Various venues in Ostrava
August 26 – September 3
|A thoroughly modern composer and educator.|
Given the iconoclastic nature of the Czech Republic, itʼs only fitting that the best music festival of the year is being held not in Prague, but in Ostrava, a proud industrial center in northern Moravia.
Ostrava Days would be a remarkable event no matter where it was held on the strength of the program alone: Nine consecutive nights of modern music by Xenakis, Cage, Ligeti, Feldman, Stockhausen, Rihm and a raft of lesser-known composers, along with more than 20 commissioned works and world premieres. The performers include vocalists Salome Kammer and Katalin Károlyi, the S.E.M. Ensemble and JACK Quartet from New York, conductors Johannes Kalitzke and Roland Kluttig, and resident orchestras Ostravská banda and the Janáček Philharmonic.
The concerts cap a three-week institute, held biennially since 2001, that brings an international mix of roughly 30 international students to Ostrava to study with contemporary composers. Lecturers in previous years have included Louis Andriessen, Tristan Murail, Alvin Lucier and Kaija Saariaho; this yearʼs faculty includes Bernhard Lang, Phill Niblock, Rolf Riehm, Carola Bauckholt and the founder and artistic director of Ostrava Days, Petr Kotík.
Kotík is a notorious figure in the Czech Republic, a flutist, conductor and composer who studied in Prague and Vienna and nearly started a riot with a piece that he premiered at the 1964 Warsaw Autumn festival. He moved to New York in the early 1980s and returns only reluctantly to Prague, which he dismisses as a musical “smetiště” (garbage heap). His message to students in the opening classroom session of Ostrava Days 2009 was equally off-putting: “This is not a school and we are not going to teach you. Nobody can teach you how to become a composer. We donʼt have any kind of structure here, and every one of us is going to proceed independently.”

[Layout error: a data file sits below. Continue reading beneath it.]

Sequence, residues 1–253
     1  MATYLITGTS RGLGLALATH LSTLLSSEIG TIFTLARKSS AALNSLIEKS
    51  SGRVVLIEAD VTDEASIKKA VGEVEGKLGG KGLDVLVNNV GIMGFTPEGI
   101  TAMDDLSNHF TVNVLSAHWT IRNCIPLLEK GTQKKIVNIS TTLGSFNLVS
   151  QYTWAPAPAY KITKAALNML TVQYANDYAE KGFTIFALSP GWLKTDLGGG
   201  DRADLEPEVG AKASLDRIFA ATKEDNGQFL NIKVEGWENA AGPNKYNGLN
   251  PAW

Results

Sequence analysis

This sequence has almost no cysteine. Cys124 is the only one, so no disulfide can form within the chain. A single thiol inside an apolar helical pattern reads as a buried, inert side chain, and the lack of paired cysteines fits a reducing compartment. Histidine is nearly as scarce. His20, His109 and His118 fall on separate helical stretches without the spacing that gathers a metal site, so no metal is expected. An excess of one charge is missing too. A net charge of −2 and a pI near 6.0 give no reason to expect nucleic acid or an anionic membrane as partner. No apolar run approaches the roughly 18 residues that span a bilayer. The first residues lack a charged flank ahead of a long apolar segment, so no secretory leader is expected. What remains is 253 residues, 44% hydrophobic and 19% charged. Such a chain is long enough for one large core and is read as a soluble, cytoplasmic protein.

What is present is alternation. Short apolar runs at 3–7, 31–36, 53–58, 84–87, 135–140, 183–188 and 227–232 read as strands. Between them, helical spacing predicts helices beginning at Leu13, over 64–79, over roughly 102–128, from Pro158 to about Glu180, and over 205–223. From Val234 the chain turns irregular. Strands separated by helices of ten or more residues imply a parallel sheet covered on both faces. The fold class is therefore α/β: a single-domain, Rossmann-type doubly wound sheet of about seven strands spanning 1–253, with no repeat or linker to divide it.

And he wasnʼt kidding. “Weʼve had students come and spend most of their time playing ping-pong,” Kotík said after this yearʼs Ostrava Days press conference. “And then they show up at the next festival with a very good piece.”
Experience is what students who are serious about getting their work performed gain. “We have an orchestra booked for two hours of rehearsal time in the morning, and if youʼre not done by the end of that time, too bad, theyʼre not going to stay longer for you,” Kotík explained. “So thereʼs a certain amount of pressure, which many of them are experiencing for the first time. Itʼs not a pampered life, like when youʼre studying in school.”
|New views from the JACK Quartet.|
Experience is also the main attraction for audiences, though without the pressure. The performance schedule always features a vibrant mix of solo, chamber and orchestral works, pieces by former students and festival instructors, and this year, a 12-hour electronic music marathon. Nothing is too weird, esoteric or sophisticated to put on the program. And the very large Philharmonic Hall can accommodate pieces and ensembles that would be logistically impossible elsewhere. In 2009, the brilliant Hungarian ensemble Amadinda covered a gymnasium-sized floor with percussion instruments – all homemade. And for this critic, hearing Edgar Vareseʼs Ameriques performed live by a 140-piece orchestra was a life-changing experience.
Ostravaʼs gritty ambience adds a unique dimension to the festival. Prague may not be the musical dump that Kotík imagines, but thereʼs no question that the opening night multimedia concert is going to be a lot more interesting in the imposing Coal Mine Michal than, say, at the Rudolfinum.
Tickets to all the concerts are ridiculously cheap, and reasonable accommodations are easy to find. Ostrava also has a surprising number of good restaurants, and the most famous strip of bars and pubs in the country on Stodolní ulice, “the street that never sleeps.”
Itʼs not a classic late-summer vacation. But for an adventurous musical excursion, you will not do better.
For more on Ostrava Days and a complete schedule: http://www.newmusicostrava.cz/en/ostrava-days/
For a look at Coal Mine Michal: http://www.fotosynci.cz/en/gallery/coal-mine-michal-national-heritage-site/
Photos: Petr Kotík, OCNM Archive; JACK Quartet, Caroline Savage.